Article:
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Florida Third DCA reverses trial court, rules that summary judgment in PIP case for plaintiff medical provider was in error because plaintiff failed to establish that the injured person, the passenger of a vehicle which was struck by the defendant insurance company’s insured’s vehicle, fit into any of the categories of persons entitled to PIP coverage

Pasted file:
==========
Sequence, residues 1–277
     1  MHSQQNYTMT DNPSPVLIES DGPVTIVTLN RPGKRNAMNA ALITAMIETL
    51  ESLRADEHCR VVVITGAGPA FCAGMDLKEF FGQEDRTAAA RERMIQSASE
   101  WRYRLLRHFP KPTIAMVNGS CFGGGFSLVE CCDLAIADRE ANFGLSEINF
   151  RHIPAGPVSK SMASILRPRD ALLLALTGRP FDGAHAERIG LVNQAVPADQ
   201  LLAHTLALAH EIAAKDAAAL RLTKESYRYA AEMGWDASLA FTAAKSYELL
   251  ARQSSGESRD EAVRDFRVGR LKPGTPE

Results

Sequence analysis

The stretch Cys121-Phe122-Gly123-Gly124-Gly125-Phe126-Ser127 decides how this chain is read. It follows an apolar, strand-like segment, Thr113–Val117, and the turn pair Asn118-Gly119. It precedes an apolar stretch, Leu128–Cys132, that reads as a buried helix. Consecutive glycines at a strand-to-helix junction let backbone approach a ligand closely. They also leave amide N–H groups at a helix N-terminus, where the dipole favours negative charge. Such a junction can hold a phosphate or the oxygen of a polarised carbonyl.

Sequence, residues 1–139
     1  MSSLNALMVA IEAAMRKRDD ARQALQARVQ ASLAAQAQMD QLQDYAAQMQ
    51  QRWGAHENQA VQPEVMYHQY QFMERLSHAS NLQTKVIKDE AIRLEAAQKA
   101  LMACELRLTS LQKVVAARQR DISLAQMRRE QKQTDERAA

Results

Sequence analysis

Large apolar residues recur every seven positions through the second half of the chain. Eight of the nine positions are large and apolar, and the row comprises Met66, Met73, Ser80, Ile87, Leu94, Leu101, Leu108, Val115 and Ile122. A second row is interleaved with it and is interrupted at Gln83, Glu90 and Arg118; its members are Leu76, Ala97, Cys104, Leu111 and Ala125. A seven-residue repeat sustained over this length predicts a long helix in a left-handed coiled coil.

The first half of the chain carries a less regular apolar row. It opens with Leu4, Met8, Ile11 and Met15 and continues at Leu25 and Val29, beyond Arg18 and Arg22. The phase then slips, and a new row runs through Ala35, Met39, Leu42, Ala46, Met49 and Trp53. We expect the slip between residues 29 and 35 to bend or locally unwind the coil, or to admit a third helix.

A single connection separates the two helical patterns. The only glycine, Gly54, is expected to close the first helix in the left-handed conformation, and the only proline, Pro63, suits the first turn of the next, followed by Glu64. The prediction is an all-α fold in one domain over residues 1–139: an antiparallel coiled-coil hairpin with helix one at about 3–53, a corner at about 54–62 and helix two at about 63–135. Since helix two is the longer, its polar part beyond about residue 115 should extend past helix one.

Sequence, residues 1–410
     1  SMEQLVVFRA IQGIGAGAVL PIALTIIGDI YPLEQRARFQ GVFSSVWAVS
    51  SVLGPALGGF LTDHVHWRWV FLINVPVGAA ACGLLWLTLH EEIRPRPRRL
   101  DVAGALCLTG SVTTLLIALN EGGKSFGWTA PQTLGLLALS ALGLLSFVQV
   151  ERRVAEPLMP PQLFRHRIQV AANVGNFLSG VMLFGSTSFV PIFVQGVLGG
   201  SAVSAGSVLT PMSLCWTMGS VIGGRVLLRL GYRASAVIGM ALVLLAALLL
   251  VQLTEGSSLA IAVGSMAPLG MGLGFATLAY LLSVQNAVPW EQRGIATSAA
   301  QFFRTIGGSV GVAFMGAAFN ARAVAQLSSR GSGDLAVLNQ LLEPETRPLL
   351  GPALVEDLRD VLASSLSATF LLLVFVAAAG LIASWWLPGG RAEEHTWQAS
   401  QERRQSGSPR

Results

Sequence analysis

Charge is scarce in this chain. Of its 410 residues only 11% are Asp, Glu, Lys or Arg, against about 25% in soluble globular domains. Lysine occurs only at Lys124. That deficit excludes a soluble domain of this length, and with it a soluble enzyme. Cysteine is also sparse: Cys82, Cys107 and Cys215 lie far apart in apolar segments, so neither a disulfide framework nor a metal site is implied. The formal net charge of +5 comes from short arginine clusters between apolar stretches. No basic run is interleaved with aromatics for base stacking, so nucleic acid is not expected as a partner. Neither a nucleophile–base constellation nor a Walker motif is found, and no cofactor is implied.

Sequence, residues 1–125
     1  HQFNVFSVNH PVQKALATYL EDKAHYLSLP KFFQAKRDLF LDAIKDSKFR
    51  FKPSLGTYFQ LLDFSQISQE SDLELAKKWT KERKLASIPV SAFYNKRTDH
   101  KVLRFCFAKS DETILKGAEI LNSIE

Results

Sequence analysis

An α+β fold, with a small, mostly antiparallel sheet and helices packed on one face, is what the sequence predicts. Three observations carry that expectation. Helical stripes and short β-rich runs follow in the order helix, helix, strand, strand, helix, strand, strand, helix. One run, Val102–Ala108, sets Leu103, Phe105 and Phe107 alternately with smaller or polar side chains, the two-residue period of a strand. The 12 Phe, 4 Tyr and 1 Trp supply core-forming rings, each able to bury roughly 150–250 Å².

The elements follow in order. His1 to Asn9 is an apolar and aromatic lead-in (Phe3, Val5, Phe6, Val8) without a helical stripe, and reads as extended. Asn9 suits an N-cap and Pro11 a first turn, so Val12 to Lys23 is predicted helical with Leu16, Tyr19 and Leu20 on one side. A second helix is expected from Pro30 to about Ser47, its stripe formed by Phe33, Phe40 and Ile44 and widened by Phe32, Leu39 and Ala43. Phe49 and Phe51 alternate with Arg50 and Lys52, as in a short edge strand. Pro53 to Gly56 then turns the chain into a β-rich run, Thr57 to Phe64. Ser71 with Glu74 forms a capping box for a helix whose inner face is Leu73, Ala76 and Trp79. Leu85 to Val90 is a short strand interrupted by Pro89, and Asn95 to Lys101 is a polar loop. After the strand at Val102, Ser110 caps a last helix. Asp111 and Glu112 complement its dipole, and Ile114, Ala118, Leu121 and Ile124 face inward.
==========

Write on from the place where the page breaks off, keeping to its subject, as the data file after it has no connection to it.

On August 25, 2021, in Geico General Insurance Company v. Hialeah Diagnostics, Inc., No. 3D21-101, the Florida Third DCA reversed a trial court summary judgment in favor of the plaintiff medical provider in a PIP insurance lawsuit against the defendant insurance company. The insured was injured when the vehicle in which she was a passenger, a medical transport van covered under an insurance policy with Illinois National Insurance Company, was struck by a vehicle driven by the defendant’s insured. The plaintiff reportedly could not recover payment from the Illinois National Insurance PIP policy for the medical services rendered to the medical transport van passenger and submitted a pre-suit demand letter to the defendant to recover the payments but listed the wrong Geico insured and the wrong claim number. After the plaintiff filed suit, these errors in the pre-suit demand formed the basis of the defendant’s defense to the plaintiff’s summary judgment motion. The Third DCA concluded that the plaintiff failed to show that the injured person was entitled to coverage under the Geico policy, noting that Fla. Stat. §627.733 requires PIP coverage only for the named insured, relatives residing in the same household, persons operating the insured motor vehicle, passengers in the motor vehicle, and other persons struck by the motor vehicle and suffering bodily injury while not an occupant of a self-propelled vehicle. The Third DCA cited South Carolina Ins. Co. v. Rodriguez, 366 So. 2d 168, 169 (Fla. 3d DCA 1979) (“an insurer of a motor vehicle under a Florida no-fault policy [is not required to] pay personal injury protection benefits to a passenger in an uninsured motor vehicle which collides with the insured vehicle, when that passenger neither owns nor operates a motor vehicle and does not reside with anyone who does so own or operate a motor vehicle.”

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